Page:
So sang Jethro Tull in their song, “Bungle in the Jungle”. Perhaps the tiger that attacked his trainer at Australia Zoo recently (http://www.brisbanetimes.com.au/queensland/australia-zoo-tiger-handler-recovering-after-attack-20131127-2ya2h.html) was only after some love and affection? Or perhaps he was fed up with being asked to jump through hoops and act like an overgrown pussy cat when all he really wanted was to be left alone and allowed to behave like a tiger? Despite being hand raised this tiger is still a wild animal with all the instincts that wild animals have. The trouble with hand raising is that it makes animals tame. Tame animals lose their fear of people. This can be an advantage for nervous animals that tend to panic and crash into fences but for a top order predator, like a tiger, it is only a recipe for disaster. I am aware of numerous cases of keepers having to defend themselves against attacks from hand raised animals, including kangaroos, deer and this tiger.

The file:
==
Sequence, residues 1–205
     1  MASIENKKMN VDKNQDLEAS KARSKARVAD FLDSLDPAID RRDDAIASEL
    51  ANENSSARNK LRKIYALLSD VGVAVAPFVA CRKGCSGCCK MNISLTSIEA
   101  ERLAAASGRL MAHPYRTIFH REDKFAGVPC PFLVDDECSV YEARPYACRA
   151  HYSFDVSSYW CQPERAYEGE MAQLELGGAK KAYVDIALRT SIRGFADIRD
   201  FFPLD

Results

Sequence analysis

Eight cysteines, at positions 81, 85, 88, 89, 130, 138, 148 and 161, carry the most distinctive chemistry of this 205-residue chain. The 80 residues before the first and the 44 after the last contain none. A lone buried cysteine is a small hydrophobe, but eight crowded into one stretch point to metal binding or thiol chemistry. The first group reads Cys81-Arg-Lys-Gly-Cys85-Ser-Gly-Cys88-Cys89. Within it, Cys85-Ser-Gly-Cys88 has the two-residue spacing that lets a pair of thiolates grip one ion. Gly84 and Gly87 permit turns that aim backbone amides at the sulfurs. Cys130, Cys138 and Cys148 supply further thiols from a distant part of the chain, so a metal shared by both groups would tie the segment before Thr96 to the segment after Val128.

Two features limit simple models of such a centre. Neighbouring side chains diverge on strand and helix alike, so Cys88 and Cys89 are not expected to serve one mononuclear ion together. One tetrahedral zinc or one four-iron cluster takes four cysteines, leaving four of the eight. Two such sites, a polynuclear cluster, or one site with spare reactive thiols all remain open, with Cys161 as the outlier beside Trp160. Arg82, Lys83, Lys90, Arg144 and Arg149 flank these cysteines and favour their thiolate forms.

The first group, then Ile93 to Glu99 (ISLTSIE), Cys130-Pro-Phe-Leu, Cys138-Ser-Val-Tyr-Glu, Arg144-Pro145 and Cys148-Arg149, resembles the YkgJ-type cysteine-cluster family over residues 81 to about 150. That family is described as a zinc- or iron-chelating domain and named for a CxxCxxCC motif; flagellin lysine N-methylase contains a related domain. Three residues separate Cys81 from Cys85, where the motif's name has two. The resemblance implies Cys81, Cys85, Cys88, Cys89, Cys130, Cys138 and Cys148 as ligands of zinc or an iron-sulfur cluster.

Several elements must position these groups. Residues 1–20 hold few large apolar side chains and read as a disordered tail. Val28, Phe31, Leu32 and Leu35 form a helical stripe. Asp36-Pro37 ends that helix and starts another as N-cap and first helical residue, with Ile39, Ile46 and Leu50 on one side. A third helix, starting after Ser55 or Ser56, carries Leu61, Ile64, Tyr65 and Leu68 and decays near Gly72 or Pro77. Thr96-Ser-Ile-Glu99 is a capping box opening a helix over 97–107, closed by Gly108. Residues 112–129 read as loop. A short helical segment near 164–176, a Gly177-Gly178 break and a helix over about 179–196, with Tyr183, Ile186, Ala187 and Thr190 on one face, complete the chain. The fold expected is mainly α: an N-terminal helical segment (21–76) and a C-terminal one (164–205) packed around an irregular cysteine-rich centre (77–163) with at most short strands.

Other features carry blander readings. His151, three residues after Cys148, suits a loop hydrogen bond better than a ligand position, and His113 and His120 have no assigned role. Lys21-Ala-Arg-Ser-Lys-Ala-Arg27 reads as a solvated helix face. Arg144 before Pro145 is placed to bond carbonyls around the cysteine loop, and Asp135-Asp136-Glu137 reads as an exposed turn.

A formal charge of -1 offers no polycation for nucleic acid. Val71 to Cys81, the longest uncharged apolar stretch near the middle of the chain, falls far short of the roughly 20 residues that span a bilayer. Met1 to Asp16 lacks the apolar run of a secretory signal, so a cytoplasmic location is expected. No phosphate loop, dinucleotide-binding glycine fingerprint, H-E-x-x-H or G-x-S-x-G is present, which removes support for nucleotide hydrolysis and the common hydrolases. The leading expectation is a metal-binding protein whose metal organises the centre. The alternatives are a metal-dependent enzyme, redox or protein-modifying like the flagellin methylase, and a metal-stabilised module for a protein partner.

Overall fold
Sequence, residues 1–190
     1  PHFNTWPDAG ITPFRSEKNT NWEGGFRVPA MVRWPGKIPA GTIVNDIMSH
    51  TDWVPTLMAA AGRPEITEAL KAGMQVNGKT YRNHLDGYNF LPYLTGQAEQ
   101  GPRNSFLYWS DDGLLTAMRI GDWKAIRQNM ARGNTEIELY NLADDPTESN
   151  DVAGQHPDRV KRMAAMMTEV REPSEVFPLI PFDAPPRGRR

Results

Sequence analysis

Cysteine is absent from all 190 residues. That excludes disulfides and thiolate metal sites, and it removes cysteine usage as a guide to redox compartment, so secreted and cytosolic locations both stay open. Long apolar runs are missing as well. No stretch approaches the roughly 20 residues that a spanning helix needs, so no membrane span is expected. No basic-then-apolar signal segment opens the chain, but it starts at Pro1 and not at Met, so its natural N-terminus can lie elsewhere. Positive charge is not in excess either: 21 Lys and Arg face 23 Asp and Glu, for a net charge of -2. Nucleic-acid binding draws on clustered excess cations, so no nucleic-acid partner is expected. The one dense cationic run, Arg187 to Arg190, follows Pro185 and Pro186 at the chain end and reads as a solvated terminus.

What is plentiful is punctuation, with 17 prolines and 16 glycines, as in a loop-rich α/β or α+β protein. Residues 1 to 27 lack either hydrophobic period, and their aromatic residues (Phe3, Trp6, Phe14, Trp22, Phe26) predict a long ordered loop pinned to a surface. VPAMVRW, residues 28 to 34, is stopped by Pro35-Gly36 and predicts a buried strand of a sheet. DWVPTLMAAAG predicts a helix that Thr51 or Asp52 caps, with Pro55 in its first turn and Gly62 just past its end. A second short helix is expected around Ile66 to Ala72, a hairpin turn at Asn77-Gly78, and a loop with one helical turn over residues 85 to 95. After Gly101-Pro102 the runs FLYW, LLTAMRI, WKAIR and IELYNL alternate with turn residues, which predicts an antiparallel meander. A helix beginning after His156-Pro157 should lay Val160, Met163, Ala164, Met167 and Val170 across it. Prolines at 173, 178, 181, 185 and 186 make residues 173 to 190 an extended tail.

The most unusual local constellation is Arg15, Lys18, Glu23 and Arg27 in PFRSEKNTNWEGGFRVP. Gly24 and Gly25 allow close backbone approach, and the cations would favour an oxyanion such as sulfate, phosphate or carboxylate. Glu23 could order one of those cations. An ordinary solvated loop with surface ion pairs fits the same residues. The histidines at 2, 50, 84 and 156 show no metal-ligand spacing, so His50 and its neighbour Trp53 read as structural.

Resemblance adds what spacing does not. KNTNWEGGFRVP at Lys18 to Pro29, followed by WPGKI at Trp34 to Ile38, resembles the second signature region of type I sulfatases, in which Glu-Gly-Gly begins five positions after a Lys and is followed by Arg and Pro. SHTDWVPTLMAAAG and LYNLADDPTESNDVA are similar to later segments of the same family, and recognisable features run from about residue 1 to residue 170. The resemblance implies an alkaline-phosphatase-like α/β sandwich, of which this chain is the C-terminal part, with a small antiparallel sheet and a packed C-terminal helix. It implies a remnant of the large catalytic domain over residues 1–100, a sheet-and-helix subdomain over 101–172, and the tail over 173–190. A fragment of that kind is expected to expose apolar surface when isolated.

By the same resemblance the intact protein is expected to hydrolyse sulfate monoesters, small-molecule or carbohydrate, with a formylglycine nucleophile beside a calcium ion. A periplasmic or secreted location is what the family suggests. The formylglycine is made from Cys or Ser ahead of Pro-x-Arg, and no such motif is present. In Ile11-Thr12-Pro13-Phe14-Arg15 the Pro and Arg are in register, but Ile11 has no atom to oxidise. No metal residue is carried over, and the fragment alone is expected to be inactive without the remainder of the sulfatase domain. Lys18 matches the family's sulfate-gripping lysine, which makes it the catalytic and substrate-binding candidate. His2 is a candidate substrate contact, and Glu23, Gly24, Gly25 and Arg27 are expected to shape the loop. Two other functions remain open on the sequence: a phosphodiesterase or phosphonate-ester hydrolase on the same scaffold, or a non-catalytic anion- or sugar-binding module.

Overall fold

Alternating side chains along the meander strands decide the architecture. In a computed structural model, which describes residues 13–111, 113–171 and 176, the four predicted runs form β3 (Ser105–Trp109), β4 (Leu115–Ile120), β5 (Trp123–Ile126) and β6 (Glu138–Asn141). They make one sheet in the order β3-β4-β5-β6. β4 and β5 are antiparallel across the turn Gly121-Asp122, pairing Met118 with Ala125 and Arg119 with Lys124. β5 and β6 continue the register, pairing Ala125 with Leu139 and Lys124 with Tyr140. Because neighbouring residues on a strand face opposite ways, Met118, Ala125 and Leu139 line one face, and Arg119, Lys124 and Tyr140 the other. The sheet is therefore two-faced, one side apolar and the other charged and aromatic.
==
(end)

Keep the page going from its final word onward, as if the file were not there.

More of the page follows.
Zoos make things difficult for themselves by pandering to what they think the public wants: close encounters with wild animals. So they hand raise them to make them human friendly and perpetuate the misconception that wild animals are cute, cuddly and there for us to interact with. This leads to incidents like this one and numerous others where children try to pat wolves or parents smear honey on their kids’ faces so the nice bear will lick it off (along with the kid’s face).
By all means enjoy tigers and other wild animals but enjoy them as they were meant to be, as wild animals, not as some kind of deranged travesty that can’t decide if it’s wild, tame, tiger or human.
This is what I get for writing a positive article about zoos.
Dr. F. Bunny